JZ: It does make it very difficult for smaller companies to survive. You need a lot of capital nowadays. You need a lot of training and development, and some smaller companies aren’t able to compete with that. There’s a big wave. It’s good and bad. We’re trying to not be overly aggressive but we want to protect those companies. We are Uncle Sully, and we’re trying to help and give best practice advice. Inevitably, we are a good exit strategy, but we’re worried. We’re a sweat equity company. We’re privately held. We grow through our profits and our sweat equity and we’re opportunistic. But we have a great business model, and I think that really helps keep us certainly relevant and growing. We’re not going to stop. We have 77 stores now, and we’re going to double in size over a period of time and grow our wholesale business and our commercial business. We also have a lift business that installs and services lifts in dealerships in companies like us. So we’re somewhat diversified, and we’re going to continue to grow in all areas.
TR: So, diversification has been a good tool for Sullivan Tire. What do you feel nowadays are competitive advantages the company has?
JZ: Our employees are our secret sauce. We have an employee base of 1,200 and 400 have been with Sullivan Tire for 10 years or more. We have employees with 20 years, 30 years, 40 years, even 50 years with the company. So, I think our employees and our training and development make us very competitive. The way we’ve built up trust in the communities we serve, and 67 years of being here. I think that’s a competitive advantage. We started a system called the Net Promoter Score. It’s where we give a one-question survey after your transaction. Our recent scores have been 87% consistently. That’s really off the charts for our type of industry.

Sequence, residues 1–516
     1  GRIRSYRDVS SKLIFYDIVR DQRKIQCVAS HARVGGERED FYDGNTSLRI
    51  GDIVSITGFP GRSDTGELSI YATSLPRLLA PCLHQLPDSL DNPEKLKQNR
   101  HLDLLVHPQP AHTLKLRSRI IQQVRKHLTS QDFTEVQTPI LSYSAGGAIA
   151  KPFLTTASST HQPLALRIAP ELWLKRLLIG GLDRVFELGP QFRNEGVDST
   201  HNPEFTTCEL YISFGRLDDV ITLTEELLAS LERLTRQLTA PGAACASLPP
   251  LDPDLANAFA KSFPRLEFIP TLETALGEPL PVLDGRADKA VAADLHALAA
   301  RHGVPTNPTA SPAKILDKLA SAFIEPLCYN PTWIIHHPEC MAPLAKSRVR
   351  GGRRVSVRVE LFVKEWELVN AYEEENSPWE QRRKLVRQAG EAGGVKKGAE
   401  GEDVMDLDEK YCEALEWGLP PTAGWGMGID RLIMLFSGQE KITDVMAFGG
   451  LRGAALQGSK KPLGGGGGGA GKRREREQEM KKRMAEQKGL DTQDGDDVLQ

Another major competitive advantage is the way we treat our customers. We get a lot of comments, both good and bad, and we follow up on every single one of them. Customers are actually shocked that we call them back. We have long-standing relationships with our vendors and that really helps us as well. That’s a lot of loyalty there.
It’s not easy running any kind of business, whether it be small, medium or large, but as long as you keep communications up, there’s transparency and there’s consistency on what the programs and pricing are going to be, that helps.
TR: You said out of 1,200 employees, 400 of them have been with the company for over 10 years?
JZ: Yes. One of our benefits is we have a longevity program. We talk about rewards and recognition, and we reward all the people that have been with the company for 10 years or more on an annual basis.
TR: That statistic really stuck out to me. Any other employee retention techniques or incentives that you feel have helped Sullivan Tire keep employees?
JZ: So we have a Leadership Development Plan that we started 15 years ago that’s really helped develop our up-and-comers and spotlight some people. Other things that we’ve done are just a simple phone call thanking people. We get a lot of [customer] comments from the Net Promoter Score, and if someone went way above and beyond, we’ll call the store and talk to the person that helped the customer out. We also do handwritten notes. People are shocked that they get a response like that unsolicited. We also have a holiday savings club where you can save money for the holiday season, and the company puts a match in on that. Tat’s been another great retention program